## Saturday, February 23, 2013

### BBC Sport and Potential Flow theory

It is a fact, sadly unacknowledged, that BBC Sport's default background animation represents a doublet from Potential Flow theory.

Potential Flow theory is a branch of aerodynamics in which flows are idealised as being inviscid and irrotational. This means, respectively, that there is no friction resistance to shear between adjacent layers of fluid, and there is no vorticity. Hence, Potential Flow theory does not recognise the existence of boundary layers adjacent to solid objects.

Now, there is, within aerodynamics, a distinction between circulation and rotation, which has the potential (if you'll excuse the term) to confuse. In a flow with circulation, you can integrate the velocity vector around a closed loop and obtain a non-zero value. In a rotational flow, the vorticity field is non-zero.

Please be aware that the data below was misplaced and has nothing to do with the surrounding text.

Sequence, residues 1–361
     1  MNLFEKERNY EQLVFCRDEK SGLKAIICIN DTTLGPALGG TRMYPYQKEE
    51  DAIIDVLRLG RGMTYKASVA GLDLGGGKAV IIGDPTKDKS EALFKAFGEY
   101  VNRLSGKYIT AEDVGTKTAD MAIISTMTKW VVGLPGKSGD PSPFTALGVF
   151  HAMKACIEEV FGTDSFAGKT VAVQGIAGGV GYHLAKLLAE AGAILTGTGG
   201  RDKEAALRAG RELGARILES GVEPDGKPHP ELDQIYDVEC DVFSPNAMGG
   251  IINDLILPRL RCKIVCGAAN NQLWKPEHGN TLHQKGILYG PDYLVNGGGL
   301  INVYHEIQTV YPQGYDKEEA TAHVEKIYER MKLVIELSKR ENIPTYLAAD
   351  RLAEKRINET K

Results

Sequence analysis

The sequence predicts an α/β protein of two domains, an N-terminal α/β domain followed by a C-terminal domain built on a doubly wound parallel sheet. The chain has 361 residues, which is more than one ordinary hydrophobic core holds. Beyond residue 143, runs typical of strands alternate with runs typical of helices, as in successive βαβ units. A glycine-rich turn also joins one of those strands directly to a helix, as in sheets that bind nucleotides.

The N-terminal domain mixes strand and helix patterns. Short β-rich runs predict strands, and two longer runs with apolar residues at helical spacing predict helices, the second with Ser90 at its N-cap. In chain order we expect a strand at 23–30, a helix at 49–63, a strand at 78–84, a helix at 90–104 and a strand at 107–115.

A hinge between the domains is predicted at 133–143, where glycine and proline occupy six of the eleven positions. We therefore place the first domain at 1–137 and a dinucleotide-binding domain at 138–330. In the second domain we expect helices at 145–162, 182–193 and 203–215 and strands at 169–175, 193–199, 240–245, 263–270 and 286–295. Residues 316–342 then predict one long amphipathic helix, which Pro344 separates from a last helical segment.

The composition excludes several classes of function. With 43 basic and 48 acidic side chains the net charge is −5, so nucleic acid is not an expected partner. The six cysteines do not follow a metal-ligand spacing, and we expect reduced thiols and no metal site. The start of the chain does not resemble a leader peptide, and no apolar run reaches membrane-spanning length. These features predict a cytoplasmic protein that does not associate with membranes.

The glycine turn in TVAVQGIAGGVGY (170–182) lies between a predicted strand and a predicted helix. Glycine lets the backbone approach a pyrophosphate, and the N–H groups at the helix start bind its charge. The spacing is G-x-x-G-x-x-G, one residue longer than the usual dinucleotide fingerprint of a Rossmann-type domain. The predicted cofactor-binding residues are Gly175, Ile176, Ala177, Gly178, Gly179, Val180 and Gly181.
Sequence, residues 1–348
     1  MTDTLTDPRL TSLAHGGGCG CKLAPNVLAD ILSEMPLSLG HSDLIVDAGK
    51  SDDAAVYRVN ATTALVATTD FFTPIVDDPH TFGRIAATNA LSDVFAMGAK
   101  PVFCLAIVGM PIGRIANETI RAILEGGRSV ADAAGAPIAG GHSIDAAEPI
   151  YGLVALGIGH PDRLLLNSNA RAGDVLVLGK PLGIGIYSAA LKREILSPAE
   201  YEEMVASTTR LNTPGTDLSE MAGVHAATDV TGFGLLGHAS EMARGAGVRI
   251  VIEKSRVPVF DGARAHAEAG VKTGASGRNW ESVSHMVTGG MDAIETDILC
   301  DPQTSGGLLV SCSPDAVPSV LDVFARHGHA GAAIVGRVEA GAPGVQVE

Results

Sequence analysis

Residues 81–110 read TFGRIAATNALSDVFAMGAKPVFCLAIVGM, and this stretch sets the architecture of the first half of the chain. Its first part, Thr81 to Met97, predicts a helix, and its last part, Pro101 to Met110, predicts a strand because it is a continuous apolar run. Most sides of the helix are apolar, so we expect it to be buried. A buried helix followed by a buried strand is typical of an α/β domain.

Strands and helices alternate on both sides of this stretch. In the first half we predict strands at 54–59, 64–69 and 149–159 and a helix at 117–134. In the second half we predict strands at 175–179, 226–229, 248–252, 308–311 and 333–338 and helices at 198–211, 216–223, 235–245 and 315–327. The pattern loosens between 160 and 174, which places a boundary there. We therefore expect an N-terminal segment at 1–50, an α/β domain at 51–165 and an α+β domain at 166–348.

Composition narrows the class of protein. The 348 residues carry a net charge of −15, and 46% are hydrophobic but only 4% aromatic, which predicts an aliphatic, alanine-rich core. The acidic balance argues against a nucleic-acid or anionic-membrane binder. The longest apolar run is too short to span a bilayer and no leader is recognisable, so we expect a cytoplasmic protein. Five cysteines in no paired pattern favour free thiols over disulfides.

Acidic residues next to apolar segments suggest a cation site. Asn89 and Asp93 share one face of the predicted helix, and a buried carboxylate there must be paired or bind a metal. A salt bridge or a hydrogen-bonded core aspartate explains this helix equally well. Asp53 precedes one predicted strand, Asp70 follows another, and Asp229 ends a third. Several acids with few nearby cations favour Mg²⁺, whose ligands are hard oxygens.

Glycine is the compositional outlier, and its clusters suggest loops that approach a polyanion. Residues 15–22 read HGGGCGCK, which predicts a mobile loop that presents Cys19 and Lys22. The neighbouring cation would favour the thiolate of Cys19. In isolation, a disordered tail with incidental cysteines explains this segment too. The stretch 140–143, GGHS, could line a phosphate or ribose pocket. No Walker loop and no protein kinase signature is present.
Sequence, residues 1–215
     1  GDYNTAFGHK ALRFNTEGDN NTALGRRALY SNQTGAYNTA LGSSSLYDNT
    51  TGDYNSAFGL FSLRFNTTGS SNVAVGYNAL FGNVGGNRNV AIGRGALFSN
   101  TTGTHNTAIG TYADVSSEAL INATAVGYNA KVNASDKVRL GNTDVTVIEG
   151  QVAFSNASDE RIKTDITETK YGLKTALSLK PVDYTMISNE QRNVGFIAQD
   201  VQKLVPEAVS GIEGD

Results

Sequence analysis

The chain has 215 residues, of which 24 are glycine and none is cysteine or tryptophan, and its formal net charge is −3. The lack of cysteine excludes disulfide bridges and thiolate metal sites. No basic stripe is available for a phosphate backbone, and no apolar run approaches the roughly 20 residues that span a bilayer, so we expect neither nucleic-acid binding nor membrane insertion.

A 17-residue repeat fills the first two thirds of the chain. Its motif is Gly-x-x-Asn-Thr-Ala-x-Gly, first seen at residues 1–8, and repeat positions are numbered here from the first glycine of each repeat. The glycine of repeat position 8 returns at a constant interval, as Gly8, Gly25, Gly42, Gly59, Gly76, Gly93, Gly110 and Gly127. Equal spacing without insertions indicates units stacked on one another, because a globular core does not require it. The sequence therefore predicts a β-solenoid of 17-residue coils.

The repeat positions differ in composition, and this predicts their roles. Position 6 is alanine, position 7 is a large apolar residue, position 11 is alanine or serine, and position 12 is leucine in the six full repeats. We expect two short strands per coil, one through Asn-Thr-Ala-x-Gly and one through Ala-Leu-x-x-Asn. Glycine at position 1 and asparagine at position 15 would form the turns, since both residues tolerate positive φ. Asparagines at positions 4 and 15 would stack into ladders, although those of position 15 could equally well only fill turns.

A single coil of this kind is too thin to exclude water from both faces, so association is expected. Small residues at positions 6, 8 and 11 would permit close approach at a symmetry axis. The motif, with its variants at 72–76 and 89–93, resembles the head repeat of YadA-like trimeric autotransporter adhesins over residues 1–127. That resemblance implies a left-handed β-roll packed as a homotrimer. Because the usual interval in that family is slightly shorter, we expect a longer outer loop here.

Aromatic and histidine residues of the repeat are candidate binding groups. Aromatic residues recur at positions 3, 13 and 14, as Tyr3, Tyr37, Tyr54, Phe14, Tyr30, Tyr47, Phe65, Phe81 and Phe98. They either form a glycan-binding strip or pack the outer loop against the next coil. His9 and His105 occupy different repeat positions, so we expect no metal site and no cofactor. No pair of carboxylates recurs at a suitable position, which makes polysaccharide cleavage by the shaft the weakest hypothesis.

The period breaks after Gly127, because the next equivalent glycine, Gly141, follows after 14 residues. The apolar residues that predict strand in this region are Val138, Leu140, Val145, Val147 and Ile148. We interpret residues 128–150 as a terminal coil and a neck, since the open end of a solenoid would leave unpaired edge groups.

In a Potential Flow (guaranteed, by definition, to be irrotational), if the region of space occupied by the fluid is simply connected topologically-speaking, (entailing that any loop can be smoothly deformed to a point) then the flow will have zero circulation. However, if the region is not simply connected, then the irrotational flow can possess circulation. The presence of solid objects in a fluid prohibits the region of space occupied by the fluid from being simply connected, (in 2-dimensional terms, at least), hence Potential Flows around solid objects can possess circulation.

This loophole (if you'll excuse the term) within Potential Flow theory enables one to represent the circulatory flow around wing sections. Because the equations of Potential Flow theory are linear, one can superpose several solutions of the theory to obtain other solutions. To represent the flow around a cylinder, for example, one superposes a uniform flow with a so-called doublet. The latter provides the stagnation points to the flow at the leading and trailing points of the cylinder.

To represent the circulatory flow around a wing section one basically just adds a free vortex to the superposition.

Hence, despite the BBC's apparent aversion to covering all the Grands Prix in a Formula One season, aerodynamics is clearly a subject close to their heart.